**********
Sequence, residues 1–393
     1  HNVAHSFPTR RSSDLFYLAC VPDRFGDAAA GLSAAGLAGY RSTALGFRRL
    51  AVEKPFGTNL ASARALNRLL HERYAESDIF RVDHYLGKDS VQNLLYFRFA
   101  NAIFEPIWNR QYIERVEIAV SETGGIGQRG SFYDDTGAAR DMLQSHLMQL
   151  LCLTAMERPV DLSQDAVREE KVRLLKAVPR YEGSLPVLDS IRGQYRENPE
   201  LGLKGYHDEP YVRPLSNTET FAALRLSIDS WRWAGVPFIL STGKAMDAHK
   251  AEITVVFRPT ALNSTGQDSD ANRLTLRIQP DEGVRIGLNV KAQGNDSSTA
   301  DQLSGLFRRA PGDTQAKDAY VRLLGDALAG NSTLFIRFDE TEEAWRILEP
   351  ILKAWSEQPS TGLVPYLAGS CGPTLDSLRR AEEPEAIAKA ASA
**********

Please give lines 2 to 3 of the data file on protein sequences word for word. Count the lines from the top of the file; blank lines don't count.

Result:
     1  HNVAHSFPTR RSSDLFYLAC VPDRFGDAAA GLSAAGLAGY RSTALGFRRL
    51  AVEKPFGTNL ASARALNRLL HERYAESDIF RVDHYLGKDS VQNLLYFRFA